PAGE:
Given that we have seen levels significantly lower than long-run averages over the past decade, this would mark a sharp reversal.
And how would the UK compare internationally?
By international comparisons, Labour’s policies are less dramatic.
As a proportion of national income, the UK under Labour would move from its current position as the 22nd largest spender amongst the OECD nations to 13th. Still behind countries like Germany, Sweden, Italy and France.
Conservative and Liberal Democrat policies would keep the UK more or less where it is in this league table.
Labour’s policies also mark a return to universalist spending in some areas — so that everyone gets the same, regardless of their wealth or income.
For example, with pension compensation, student finance and free broadband, its policy is to give the same to everyone.
It is also worth noting that in one area Labour is being fairly cautious in its proposals: welfare benefits. Its proposed extra spending on welfare (excluding pensions) comes nowhere near reversing the cuts during the period of austerity.
Are the Tories “baking in” austerity?
The question implies that they are not reversing the cuts made to most services and welfare benefits between 2010 and 2019.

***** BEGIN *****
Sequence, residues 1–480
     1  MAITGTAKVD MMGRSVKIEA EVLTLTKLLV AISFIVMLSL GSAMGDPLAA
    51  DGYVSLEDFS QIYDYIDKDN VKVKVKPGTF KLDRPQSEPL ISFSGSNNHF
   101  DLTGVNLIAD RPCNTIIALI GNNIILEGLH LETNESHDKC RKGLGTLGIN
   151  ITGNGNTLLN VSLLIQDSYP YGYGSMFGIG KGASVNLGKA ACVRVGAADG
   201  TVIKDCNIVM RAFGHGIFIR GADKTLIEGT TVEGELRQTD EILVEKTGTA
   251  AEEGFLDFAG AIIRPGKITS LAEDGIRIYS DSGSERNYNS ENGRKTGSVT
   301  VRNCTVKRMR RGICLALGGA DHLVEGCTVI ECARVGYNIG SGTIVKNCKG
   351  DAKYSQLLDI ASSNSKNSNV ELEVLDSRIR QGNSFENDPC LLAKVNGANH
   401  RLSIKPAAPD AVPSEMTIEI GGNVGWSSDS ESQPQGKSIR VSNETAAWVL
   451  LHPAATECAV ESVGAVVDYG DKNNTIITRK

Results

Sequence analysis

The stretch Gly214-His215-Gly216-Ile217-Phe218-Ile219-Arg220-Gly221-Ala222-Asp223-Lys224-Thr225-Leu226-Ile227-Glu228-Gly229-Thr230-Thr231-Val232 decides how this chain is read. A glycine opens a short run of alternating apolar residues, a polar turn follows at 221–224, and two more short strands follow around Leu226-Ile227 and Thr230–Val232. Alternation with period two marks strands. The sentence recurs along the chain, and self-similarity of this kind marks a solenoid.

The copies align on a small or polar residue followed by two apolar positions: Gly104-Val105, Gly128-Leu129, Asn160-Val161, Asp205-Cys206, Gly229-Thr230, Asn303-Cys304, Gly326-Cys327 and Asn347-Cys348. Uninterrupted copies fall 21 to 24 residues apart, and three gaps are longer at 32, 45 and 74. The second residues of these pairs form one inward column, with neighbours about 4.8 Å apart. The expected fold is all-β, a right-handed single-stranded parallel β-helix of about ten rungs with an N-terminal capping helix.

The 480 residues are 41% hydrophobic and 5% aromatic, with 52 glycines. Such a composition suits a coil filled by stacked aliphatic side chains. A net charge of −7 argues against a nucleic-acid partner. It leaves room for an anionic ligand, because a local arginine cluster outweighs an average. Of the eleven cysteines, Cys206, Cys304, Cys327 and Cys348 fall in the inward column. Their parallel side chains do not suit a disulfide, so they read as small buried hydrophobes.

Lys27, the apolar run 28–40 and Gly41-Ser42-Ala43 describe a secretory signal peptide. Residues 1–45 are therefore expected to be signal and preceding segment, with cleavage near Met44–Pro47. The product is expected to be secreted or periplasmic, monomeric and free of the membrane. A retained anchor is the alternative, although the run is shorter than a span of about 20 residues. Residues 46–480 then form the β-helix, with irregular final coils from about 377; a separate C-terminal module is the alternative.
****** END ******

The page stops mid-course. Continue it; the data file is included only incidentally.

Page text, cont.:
With the exception of health, this is largely true.
Spending on all other areas, excluding benefits, more or less flatlines at current ‘real terms’ levels under Tory plans.
There are some areas of expansion, such as in education and policing, but they are mostly modest. And the money for them seems to be coming from services that will get less.
Who is paying for all this?
Just as there are dramatic differences in spending plans, there are big divergences in what the parties plan to do about paying for it.
The Conservatives pledge in their manifesto not to increase income tax, national insurance or VAT. But they do plan to raise other taxes slightly, by £3 billion a year by 2023-24.
The Liberal Democrats plan to raise taxes by much more — £36 billion a year. Notably, they plan to raise income tax by 1p specifically to fund increases in health spending.